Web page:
As news of Russian interference trickled out in the press more interest in the issue came from congressional quarters, Senator Lindsey Graham (R-SC) introduced S. 341 (Russian Sanctions Review Act) on April 27, 2017. By July the interest increased to the point that HR 3364 passed the Congress almost unanimously, it was signed into law on August 2, 2017. No action was taken by the executive branch to implement the requirements of the law immediately.
Indeed, it was March 15, 2018 before the Department of the Treasury issued enhanced sanctions on Russia, releasing the following statement:
Today, the U.S. Department of the Treasury’s Office of Foreign Assets Control (OFAC) designated five entities and 19 individuals under the Countering America’s Adversaries Through Sanctions Act (CAATSA) as well as Executive Order (E.O.) 13694, “Blocking the Property of Certain Persons Engaging in Significant Malicious Cyber-Enabled Activities,” as amended, and codified pursuant to CAATSA.
The list of individuals and entities sanctioned was remarkably similar to the Mueller investigation list of those indicted for interference and illegal activities.
The current administration has not convened any cabinet level coordinated meetings to date regarding Russian interference in US elections, a sore point with Senator Benjamin Cardin who issued a minority report from his Senate committee. [pdf] One recommendation was prescient:
“U.S. and European governments should mandate that social media companies make public the sources of funding for political advertisements, along the same lines as TV channels and print media. Social media companies should conduct comprehensive audits on how their platforms may have been used by Kremlin-linked entities to influence elections occurring over the past several years, and should establish civil society advisory councils to provide input and warnings about emerging disinformation trends and government suppression. In addition, they should work with philanthropies, governments, and civil society to promote media literacy and reduce the presence of disinformation on their platforms.”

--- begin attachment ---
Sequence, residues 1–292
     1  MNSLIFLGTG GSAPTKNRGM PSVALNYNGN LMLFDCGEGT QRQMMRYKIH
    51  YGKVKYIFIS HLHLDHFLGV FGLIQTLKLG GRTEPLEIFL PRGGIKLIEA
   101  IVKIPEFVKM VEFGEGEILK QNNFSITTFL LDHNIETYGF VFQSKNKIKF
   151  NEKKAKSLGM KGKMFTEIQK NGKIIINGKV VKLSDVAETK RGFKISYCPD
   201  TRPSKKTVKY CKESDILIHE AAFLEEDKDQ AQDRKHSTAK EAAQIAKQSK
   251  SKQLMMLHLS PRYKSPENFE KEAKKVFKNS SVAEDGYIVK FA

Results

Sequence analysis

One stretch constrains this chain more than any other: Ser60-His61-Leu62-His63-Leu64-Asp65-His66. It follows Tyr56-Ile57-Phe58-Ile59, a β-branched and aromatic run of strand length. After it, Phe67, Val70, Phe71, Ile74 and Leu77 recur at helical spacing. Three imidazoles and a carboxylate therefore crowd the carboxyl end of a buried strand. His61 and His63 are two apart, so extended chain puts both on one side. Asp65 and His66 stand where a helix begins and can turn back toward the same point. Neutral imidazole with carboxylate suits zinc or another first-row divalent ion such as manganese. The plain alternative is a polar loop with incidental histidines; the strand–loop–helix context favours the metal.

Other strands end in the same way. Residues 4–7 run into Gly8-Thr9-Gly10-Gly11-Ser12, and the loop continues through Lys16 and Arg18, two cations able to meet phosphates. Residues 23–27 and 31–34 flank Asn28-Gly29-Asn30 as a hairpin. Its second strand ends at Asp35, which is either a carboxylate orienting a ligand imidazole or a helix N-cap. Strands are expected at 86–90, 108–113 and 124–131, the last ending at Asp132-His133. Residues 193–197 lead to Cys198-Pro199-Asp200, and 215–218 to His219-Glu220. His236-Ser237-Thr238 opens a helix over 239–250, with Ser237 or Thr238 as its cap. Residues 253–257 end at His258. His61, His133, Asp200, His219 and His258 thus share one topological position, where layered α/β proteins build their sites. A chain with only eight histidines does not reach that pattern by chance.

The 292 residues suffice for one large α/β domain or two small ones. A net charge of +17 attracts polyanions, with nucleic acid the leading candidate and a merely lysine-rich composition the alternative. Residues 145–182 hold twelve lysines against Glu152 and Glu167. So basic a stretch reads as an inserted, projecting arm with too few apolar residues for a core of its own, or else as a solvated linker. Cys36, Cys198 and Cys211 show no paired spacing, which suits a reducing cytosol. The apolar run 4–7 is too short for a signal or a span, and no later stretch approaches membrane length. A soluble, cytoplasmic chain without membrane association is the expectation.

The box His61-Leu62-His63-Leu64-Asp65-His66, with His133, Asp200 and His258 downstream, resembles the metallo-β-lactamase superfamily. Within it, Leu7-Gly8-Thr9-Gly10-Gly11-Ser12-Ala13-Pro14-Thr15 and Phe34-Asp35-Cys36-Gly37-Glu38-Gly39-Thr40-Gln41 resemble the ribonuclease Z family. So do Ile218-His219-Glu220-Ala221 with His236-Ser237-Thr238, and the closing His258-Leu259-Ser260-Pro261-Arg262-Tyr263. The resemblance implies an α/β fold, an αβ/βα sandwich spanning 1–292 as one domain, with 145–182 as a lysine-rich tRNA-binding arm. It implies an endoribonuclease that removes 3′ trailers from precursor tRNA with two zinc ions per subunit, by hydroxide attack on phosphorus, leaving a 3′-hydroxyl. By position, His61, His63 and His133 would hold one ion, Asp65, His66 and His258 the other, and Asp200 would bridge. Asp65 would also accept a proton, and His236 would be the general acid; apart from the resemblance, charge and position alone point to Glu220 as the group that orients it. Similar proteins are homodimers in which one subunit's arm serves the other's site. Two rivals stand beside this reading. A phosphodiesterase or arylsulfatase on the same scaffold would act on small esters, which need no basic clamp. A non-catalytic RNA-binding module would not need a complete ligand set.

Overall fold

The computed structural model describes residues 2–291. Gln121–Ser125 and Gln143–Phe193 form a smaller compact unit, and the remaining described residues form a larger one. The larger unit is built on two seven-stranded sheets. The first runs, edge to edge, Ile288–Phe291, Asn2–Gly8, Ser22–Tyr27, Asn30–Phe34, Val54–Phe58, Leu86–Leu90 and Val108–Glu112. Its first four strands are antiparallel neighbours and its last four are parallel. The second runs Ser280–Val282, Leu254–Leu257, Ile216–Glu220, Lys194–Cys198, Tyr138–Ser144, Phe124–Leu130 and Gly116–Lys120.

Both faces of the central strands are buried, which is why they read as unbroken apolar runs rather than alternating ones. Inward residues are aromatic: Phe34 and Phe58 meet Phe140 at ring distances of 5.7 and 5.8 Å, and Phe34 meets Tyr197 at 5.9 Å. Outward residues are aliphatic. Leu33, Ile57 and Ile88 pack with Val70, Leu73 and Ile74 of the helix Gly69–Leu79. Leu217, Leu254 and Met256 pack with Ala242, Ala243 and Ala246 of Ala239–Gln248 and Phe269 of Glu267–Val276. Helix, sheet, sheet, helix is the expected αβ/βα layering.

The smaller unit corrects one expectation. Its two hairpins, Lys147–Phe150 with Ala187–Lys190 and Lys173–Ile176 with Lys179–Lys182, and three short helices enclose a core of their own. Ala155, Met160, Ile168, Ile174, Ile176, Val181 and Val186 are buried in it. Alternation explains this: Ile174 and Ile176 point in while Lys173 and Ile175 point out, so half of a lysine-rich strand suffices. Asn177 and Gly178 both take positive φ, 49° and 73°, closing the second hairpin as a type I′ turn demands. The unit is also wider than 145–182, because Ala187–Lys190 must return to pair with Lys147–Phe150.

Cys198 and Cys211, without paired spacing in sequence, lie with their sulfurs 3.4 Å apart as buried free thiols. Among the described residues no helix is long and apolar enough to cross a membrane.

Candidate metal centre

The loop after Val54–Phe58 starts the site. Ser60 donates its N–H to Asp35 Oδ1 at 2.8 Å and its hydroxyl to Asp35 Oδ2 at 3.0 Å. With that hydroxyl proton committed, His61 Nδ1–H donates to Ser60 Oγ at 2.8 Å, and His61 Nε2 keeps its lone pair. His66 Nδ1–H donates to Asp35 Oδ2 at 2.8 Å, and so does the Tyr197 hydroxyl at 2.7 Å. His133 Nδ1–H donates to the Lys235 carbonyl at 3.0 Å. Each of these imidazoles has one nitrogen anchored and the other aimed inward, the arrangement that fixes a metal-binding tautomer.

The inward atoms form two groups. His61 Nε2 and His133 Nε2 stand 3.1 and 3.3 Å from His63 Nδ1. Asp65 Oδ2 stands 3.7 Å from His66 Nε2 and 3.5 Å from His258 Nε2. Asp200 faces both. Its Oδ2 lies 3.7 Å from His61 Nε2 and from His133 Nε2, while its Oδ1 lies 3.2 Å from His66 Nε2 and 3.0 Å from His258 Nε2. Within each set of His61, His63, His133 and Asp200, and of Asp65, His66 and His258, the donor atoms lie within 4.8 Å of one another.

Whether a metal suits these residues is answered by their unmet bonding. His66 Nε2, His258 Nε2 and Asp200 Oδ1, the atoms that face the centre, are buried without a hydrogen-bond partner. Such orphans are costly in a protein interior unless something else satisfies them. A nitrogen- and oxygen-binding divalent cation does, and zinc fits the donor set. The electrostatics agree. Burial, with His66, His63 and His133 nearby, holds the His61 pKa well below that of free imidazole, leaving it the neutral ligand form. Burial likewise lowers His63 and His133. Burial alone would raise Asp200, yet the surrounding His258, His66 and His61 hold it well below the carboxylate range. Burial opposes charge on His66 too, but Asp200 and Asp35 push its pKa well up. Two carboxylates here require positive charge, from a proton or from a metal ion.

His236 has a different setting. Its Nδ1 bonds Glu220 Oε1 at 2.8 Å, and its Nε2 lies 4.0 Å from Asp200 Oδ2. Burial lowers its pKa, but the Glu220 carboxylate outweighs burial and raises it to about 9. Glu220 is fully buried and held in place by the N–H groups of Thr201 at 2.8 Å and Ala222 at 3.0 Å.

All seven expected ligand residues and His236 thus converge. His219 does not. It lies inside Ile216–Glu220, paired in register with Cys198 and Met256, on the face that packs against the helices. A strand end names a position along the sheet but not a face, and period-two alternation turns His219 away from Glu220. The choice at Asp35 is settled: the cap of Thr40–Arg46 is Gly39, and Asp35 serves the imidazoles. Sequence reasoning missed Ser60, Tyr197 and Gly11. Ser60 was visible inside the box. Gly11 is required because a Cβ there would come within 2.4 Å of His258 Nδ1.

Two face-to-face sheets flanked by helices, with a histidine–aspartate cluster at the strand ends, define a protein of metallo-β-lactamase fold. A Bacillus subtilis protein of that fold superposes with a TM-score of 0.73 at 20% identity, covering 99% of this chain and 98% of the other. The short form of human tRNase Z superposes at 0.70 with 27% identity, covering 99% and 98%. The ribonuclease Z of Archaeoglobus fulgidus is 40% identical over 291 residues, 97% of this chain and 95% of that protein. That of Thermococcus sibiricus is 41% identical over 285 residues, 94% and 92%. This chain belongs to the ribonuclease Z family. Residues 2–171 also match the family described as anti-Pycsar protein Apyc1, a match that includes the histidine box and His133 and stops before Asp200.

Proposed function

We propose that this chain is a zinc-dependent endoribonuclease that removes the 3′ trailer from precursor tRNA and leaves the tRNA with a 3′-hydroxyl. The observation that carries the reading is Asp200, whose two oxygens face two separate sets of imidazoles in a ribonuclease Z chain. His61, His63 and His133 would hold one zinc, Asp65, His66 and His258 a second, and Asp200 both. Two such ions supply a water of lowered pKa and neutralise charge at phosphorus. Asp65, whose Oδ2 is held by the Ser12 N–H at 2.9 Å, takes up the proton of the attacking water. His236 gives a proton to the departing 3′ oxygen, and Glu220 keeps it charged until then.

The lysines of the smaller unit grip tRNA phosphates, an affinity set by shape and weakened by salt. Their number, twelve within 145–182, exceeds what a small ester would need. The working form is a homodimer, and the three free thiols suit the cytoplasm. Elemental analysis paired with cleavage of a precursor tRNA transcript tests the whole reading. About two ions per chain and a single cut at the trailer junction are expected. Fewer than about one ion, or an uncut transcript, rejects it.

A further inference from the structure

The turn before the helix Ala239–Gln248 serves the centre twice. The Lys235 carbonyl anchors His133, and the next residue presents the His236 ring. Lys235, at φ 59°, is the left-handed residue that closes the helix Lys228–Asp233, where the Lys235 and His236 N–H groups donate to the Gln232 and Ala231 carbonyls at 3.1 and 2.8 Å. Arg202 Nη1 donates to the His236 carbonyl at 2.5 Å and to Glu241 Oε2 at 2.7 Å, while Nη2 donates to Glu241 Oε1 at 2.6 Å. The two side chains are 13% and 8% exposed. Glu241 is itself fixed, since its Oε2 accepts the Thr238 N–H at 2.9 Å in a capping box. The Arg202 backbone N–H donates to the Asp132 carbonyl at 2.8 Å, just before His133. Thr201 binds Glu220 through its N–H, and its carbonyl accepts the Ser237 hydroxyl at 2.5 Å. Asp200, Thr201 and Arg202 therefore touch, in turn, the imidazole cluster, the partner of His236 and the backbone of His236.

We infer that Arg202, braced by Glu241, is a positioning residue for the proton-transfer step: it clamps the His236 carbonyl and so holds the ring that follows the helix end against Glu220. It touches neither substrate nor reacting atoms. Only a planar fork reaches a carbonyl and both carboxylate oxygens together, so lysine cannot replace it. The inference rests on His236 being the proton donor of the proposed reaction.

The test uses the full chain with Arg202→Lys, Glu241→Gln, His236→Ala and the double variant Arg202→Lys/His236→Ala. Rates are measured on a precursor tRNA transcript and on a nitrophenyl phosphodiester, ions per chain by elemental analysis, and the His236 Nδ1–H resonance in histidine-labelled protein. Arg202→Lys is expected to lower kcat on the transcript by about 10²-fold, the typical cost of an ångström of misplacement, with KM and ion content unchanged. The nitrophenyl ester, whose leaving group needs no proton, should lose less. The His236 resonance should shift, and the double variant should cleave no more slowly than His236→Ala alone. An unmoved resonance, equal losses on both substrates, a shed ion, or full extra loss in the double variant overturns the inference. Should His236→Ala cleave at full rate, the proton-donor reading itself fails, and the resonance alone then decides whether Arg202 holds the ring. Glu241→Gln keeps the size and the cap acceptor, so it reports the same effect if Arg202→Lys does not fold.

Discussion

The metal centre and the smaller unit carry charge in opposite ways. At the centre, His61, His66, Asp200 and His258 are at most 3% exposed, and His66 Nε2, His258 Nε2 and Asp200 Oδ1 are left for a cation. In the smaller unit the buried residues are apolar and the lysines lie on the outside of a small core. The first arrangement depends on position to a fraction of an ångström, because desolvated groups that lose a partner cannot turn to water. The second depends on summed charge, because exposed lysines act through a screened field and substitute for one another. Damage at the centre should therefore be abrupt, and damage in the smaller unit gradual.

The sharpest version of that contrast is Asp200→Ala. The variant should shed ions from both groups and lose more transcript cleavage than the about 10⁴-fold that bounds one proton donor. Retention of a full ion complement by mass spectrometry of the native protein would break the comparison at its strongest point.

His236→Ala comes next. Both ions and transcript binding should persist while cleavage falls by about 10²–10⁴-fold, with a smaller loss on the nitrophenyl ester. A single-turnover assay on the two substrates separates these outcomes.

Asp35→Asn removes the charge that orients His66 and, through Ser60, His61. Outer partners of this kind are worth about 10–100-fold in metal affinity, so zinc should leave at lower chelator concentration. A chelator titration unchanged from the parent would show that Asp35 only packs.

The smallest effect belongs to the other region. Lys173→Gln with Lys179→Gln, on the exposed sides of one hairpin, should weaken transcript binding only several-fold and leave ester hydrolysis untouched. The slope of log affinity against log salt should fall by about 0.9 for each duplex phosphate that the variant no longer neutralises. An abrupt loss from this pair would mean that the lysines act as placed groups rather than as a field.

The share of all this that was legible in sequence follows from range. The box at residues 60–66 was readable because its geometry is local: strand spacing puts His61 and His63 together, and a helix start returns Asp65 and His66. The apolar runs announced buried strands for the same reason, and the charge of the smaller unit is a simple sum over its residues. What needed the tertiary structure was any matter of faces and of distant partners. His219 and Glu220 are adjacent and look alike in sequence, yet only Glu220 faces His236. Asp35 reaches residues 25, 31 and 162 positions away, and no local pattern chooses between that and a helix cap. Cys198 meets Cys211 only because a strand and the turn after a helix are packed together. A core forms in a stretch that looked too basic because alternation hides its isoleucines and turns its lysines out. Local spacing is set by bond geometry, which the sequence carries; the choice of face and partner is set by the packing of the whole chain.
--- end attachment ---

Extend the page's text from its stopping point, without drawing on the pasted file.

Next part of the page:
And, so we continue. The president congratulated Putin on the occasion of his reelection in an election characterized by eliminating competition and blatant voting fraud. Nevertheless, the drip continues… reports of social media manipulation, stories about the machinations of the super PACs, Cambridge Analytical, Facebook, and so forth. We know that 21 states were “hacked” in 2016, we know that one was penetrated, and we know that Nevada — fortunately — wasn’t one of them. However, that doesn’t mean we don’t have a stake in this game.
We owe it to ourselves to keep track of state efforts to thwart foreign efforts to attack our voting security systems. We need to think about the security of our state election rolls and related systems. We need to support efforts to improve the technical acumen of our state and local election officials. We need periodic updates from our Secretary of State on steps taken by our government to upgrade our voting equipment, and secure our registration. We also need to pay more attention to how social media is used and abused to cause disruptions to our politics and political discussions. We need to pay attention.